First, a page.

A few years ago, I read Michael Pollan's "The Omnivore's Dilemma" and Barbara Kingsolver's "Animal, Vegetable, Miracle." We had already started to get a weekly seasonal vegetable share from a local CSA (Community Supported Agriculture) farm and it was the start of a journey that found us this year with a winter root vegetable and local meat share.
One of the fun aspects to a farm share is that it forces you to be creative and explore new foods. B.C. (Before CSA), I'd never, ever had a parsnip, kale, or rutabega. I also had never cooked anything with fresh butternut squash or done anything with a pumpkin save carve one for halloween.
People debate endlessly as to whether organic is better for you/better for the world/tastes better than conventional. I'm not going to get into that argument. But I can tell you there's a difference when you eat food that has been freshly harvested within minutes to hours of when you get it versus food that has to be shipped and processed on its way to the store.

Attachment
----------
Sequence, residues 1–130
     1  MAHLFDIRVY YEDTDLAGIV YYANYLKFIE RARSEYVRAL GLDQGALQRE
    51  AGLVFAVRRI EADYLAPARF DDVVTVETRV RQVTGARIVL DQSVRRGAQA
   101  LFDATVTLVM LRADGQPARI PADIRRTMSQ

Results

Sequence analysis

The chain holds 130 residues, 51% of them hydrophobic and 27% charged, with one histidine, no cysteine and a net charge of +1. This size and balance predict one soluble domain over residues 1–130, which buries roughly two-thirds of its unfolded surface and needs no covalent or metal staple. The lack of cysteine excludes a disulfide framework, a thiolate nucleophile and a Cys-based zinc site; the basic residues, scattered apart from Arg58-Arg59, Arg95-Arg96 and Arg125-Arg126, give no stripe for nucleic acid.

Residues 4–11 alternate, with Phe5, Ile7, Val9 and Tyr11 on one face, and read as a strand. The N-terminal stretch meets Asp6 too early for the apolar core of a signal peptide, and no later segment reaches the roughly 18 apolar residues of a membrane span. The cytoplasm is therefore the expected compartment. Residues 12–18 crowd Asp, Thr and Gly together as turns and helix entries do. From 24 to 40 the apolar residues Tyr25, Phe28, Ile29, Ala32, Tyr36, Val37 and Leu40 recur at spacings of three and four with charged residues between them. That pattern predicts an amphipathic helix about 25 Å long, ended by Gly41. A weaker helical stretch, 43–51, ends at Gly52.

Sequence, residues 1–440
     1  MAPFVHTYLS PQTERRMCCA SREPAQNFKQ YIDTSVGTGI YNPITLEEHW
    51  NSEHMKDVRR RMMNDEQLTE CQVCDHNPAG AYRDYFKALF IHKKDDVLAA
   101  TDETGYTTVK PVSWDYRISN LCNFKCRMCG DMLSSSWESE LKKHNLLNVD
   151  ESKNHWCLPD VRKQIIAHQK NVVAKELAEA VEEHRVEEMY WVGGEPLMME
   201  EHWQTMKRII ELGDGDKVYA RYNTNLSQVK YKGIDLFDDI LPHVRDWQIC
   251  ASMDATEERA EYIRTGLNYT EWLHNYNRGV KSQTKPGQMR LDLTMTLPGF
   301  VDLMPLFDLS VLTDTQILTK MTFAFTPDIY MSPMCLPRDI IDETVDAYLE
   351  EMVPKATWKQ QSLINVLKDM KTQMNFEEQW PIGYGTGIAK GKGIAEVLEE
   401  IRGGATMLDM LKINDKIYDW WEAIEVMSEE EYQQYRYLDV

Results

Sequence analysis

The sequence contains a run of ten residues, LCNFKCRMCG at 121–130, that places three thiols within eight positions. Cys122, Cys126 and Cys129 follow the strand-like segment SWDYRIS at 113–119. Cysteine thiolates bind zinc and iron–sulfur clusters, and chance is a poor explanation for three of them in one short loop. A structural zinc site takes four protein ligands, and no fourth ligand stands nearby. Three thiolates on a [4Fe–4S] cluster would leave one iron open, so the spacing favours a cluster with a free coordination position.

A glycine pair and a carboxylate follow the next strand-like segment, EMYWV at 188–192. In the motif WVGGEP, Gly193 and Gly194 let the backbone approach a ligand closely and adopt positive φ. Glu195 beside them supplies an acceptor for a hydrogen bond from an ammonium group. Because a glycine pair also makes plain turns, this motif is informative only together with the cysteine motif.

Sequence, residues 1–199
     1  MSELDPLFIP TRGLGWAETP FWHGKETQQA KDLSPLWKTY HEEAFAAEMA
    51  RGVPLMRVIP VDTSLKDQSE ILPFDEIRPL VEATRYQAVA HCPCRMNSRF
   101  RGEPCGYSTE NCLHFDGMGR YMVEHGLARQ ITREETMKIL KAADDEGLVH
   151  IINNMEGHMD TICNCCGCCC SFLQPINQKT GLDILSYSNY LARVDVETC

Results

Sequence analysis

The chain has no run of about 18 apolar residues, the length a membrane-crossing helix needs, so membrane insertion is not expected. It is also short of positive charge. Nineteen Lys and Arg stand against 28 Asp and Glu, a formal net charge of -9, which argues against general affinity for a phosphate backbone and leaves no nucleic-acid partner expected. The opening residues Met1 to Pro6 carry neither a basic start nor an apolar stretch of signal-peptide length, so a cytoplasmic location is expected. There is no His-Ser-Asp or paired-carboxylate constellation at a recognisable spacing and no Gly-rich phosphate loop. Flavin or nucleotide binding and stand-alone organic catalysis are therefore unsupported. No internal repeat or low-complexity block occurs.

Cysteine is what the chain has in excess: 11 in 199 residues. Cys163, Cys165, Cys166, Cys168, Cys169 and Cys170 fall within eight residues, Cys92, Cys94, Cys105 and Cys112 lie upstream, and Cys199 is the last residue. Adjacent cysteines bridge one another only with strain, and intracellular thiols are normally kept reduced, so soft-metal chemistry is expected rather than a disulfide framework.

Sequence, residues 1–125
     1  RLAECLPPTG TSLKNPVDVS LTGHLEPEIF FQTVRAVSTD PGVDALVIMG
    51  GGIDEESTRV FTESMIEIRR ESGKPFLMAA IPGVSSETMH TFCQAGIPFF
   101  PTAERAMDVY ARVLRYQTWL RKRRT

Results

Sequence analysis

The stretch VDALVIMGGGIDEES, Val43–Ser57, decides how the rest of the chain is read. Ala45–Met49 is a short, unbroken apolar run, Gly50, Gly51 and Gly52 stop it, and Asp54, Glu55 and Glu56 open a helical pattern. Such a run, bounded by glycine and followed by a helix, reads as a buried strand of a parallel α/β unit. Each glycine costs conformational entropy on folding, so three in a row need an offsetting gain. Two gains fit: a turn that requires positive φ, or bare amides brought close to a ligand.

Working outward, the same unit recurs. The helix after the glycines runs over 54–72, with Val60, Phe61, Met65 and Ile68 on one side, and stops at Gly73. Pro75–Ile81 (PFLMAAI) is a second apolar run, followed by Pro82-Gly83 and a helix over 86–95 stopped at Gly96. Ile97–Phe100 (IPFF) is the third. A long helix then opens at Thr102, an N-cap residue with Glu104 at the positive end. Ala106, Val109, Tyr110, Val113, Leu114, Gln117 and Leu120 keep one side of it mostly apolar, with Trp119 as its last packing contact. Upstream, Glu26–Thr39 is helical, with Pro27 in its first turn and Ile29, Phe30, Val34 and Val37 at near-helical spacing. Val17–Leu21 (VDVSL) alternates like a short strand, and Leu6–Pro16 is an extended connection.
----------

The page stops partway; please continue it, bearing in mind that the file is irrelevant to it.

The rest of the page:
Our seasonal farm share is even more 'local' because my teenage son volunteers on the farm all summer long, so we were eating food he'd planted, weeded, and harvested.
This year, I also joined a winter share. A consortium of several local farms worked to bring members fall greens, apples, onions, winter squash, potatoes, carrots, and other root crops. We're almost though the last of the parsnips and radishes. There are still a few sweet potatoes, but most of the rest has already made its way into our meals and into our hungry bodies. Some of our bounty has been preserved, either through freezing, canning, or dehydrating, so we can enjoy some of our local food through the winter.
The past few weeks, I've actually been a little sad to have to go to the grocery store to buy things like onions and potatoes.
We also belong to a local meat share. Once a month, we pick up a cooler full of flash frozen freshly processed, locally and humanely grown beef, chicken, lamb, and pork.
It's been a joy to create meals that are almost entirely based on food from a 50 mile radius of where I live. It feels like a more sensible way to live and eat, though I have to admit to several non-local vices: coffee, chocolate, and bananas.
Really, I'm a city mouse, not a country mouse, but I've taught myself country mouse tricks for the sake of good food. Next year, I want an honest to goodness root cellar.
Has eating local changed my life? In a way, yes. It's made me more mindful of what I eat, what I buy, and how I see my place in the larger world. I feel better, especially as we eat almost no processed food anymore, or at least things with few and recognizable ingredients. In the long run, I think that's a healthier way to approach eating.
If you are interested in the CSA movement, you can find a local farm here.